“The National Grid Corp. of the Philippines needs to shape up. Congress needs to investigate the matter and restudy their franchise. The national government through the Department of Energy (DOE), Energy Regulatory Commission (ERC) and the President should use all the powers in their mandate to ensure that the transmission lines of NGCP should be improved at the earliest possible time,” he said.

Following another round of massive power outages, the DOE has reminded the NGCP to adhere to its responsibilities as system operator in ensuring supply security and reliability of the grid. It added that NGCP could have exercised, in a better manner, its responsibility in balancing the power grid.

The prolonged power outages in Panay Island have forced the suspension of classes in at least 733 public schools, which could go higher if private schools and higher education institutions would also be included.

The Department of Education (DepEd) – Region 6 said it had received reports of 733 public schools offering basic education that have suspended their classes on Jan. 3 and 4 due to massive power outages.

DepEd 6 regional information officer Hernani Escullar Jr. said a majority of these schools are in the city and province of Iloilo. He said local chief executives declared the suspension of classes in 26 localities.

There are 67 schools in Iloilo City, including the Iloilo National High School, that suspended classes, while there are hundreds in the entire province.

He said the two days of class suspension could have an impact on the scheduled activities intended for the learners, and that make-up classes would still be subject for the approval of school’s division superintendents. What’s important, he added, is for schools to meet the minimum of 200 and the maximum of 220 school days.

Senators yesterday said they would investigate the power outage that marred the New Year in Panay island, disrupting business operations and leaving households in the dark on the second day of 2024.

“I am absolutely incensed and dismayed by the persistent power outages plaguing some provinces in Western Visayas, particularly in Iloilo. This situation is no longer tolerable, and the Department of Energy and the National Grid Corp. must urgently address this issue before irreparable damage is done to our communities,” Senate President Juan Miguel Zubiri said.

Among those who seek to file a resolution calling for an inquiry in aid of legislation are Senators Sherwin Gatchalian and Ronald dela Rosa.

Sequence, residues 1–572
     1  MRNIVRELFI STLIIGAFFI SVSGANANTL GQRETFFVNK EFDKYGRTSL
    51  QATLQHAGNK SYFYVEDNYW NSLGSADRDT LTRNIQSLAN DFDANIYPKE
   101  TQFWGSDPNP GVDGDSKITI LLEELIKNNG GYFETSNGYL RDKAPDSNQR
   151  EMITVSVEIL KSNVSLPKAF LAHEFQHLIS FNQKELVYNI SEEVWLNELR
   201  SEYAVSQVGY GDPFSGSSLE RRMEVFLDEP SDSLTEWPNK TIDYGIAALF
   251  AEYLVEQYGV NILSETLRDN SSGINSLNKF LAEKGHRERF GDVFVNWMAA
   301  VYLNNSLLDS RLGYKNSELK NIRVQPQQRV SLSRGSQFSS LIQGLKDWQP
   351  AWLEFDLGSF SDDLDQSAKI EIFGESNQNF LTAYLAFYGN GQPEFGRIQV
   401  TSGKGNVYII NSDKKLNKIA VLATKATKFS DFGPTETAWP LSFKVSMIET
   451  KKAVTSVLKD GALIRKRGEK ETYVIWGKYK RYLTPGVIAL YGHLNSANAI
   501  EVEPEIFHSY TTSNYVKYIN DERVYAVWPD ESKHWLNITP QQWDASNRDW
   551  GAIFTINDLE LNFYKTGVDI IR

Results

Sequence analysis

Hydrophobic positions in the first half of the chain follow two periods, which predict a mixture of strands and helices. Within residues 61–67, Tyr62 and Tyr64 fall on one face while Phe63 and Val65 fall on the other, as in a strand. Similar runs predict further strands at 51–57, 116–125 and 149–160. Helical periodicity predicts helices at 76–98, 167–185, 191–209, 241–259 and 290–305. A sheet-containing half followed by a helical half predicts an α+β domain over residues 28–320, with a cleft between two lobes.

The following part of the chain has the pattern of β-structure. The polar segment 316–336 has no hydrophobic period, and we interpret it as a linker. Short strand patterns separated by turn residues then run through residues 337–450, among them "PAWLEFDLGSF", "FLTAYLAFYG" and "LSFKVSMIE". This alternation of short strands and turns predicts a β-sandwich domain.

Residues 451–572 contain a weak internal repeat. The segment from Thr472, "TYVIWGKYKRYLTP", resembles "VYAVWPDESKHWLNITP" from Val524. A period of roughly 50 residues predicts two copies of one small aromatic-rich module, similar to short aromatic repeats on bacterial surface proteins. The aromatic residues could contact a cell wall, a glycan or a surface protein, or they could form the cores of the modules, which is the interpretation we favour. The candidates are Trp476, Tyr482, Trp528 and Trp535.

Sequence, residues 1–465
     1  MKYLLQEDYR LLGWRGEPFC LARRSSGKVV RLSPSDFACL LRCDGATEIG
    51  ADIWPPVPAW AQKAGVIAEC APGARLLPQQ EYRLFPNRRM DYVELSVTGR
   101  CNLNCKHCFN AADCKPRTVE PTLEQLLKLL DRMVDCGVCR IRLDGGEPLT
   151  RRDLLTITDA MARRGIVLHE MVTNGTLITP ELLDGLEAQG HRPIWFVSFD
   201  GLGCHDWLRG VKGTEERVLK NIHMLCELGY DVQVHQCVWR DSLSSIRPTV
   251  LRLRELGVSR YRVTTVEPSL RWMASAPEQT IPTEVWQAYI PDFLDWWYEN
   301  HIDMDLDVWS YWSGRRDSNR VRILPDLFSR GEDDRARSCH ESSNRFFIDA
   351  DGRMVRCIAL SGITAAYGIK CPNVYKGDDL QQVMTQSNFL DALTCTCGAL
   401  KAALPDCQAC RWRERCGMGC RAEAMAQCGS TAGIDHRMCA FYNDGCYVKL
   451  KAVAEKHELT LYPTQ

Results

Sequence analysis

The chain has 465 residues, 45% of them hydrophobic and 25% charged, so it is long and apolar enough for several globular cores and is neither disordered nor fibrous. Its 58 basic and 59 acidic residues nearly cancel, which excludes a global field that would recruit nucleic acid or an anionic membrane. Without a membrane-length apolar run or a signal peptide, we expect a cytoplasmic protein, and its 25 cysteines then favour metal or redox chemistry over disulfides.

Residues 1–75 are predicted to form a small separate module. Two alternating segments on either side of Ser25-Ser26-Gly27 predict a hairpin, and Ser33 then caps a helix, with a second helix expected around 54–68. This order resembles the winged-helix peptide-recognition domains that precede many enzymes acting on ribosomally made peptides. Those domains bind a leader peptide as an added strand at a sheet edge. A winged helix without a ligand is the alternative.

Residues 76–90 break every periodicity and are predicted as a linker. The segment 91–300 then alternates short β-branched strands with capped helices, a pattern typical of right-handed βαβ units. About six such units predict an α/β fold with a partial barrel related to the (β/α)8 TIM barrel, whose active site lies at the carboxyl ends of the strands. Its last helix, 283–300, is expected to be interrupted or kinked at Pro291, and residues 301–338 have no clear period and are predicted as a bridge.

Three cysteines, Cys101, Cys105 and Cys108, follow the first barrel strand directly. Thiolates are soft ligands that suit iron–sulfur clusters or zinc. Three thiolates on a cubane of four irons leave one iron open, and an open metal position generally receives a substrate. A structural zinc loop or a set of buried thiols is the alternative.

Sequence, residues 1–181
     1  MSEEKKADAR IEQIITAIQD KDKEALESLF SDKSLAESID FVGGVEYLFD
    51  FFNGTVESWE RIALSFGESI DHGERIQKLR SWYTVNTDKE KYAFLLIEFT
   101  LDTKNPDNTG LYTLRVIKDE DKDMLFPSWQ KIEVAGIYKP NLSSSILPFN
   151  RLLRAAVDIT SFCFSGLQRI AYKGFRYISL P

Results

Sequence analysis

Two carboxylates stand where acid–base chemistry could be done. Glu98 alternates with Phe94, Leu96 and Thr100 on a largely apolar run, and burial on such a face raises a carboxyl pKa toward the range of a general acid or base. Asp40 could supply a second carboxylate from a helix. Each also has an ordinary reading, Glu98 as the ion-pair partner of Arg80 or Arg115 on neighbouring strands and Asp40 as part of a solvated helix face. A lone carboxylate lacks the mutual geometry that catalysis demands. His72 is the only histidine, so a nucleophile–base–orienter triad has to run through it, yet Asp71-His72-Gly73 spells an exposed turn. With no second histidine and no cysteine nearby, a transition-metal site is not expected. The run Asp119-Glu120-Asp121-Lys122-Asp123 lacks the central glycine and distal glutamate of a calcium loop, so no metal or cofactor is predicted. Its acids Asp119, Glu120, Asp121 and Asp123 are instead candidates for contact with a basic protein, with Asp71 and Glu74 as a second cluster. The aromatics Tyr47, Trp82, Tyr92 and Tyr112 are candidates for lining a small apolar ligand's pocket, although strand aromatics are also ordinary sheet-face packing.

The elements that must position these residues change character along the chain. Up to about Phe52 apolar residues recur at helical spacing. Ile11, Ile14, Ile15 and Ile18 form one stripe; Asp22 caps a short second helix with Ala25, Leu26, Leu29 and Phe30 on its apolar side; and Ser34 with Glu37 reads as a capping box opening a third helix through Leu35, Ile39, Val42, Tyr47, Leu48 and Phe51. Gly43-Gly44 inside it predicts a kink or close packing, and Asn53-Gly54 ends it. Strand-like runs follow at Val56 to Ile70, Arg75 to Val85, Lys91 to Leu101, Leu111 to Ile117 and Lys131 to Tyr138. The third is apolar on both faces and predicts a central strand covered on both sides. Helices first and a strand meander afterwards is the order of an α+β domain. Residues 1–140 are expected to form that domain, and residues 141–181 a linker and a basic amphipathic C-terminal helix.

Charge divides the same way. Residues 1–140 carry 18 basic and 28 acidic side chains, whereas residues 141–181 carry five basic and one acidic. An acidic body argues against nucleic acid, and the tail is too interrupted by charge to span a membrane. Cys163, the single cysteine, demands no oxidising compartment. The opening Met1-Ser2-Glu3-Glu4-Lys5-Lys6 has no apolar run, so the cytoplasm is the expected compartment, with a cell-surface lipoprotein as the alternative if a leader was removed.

“I will file a resolution seeking an investigation on that issue. This is a big setback to the economy in Panay island and nearby provinces of Negros,” Dela Rosa said in Filipino in a virtual press briefing yesterday.

Gatchalian stressed the need to investigate the power outage that disrupted businesses in Iloilo City and the entire Panay Island, which are economic drivers in Visayas.

“I will immediately file a resolution to investigate this matter and to propose policy recommendations to prevent power disruptions in the future,” Gatchalian said.

Sen. Francis Escudero said he would support a Senate inquiry not just on NGCP, but also the power generation plants that shut down without notice as well the distribution companies.

For her part, Sen. Grace Poe, who chairs the Senate public services committee, slammed NGCP for failing to prevent a repeat of the blackout in Panay amid the summer heat in April 27-29 last year.

Senate Majority Leader Joel Villanueva added that according to DOE data, 50 percent of the power plants in the country are 20 years old, as he stressed the need for proper maintenance of power plants and the shift to renewable energy like wind and solar power.

At the House of Representatives, lawmakers are also pushing for an inquiry to pinpoint liability into the massive blackout.

“The power outages that set the entire Panay Island and portions of Negros Island into darkness since Jan. 2 warrant scrutiny by the House in the exercise of its congressional oversight function to safeguard public welfare,” Iloilo City Rep. Julienne Baronda said.

Without any advance notice, the NGCP issued an advisory that all power plants in Panay Island had to be shut down at around 2:27 p.m.

“Soon after, the Negros-Panay grid was totally out,” Baronda said.

For her part, ACT Teachers party-list Rep. France Castro said that the NGCP should be held accountable for the island-wide blackout in Panay as well as some parts of Negros since Jan. 2.

“As it is though it is not just the power generators’ and NGCP’s fault, the distribution utility namely More Electric and Power Corp. of the Razon group of companies is also responsible for this,” Castro added.

Iloilo 1st District Rep. Janette Garin also joined the fray, describing as “unacceptable” the sudden power outages, assuring everyone that “those responsible for the blackout would face accountability.”

Garin said she is bent on filing a resolution that would pave the way for an investigation on the incident, as she stressed the need for urgent solutions to ensure a consistent and reliable electricity supply.

Meanwhile, the League of Cities of the Philippines is backing a thorough investigation on the power outage that affected Panay island on Tuesday, citing economic losses and concerns on peace, order and security.

Cebu City Mayor Michael Rama, LCP president, said the ERC and NGCP should investigate and implement corrective measures immediately.

The league noted that the unplanned power outage impacted economic activities that resulted in revenue losses and also posed a safety risk to residents in the region.

It added that there should be enough investments in the country’s power grid to meet the growing demand for electricity in the country.

The NGCP had blamed the unscheduled maintenance shutdowns of the largest power plants in Panay as the cause of the massive outage. –  Delon Porcalla, Marc Jayson Cayabyab, Romina Cabrera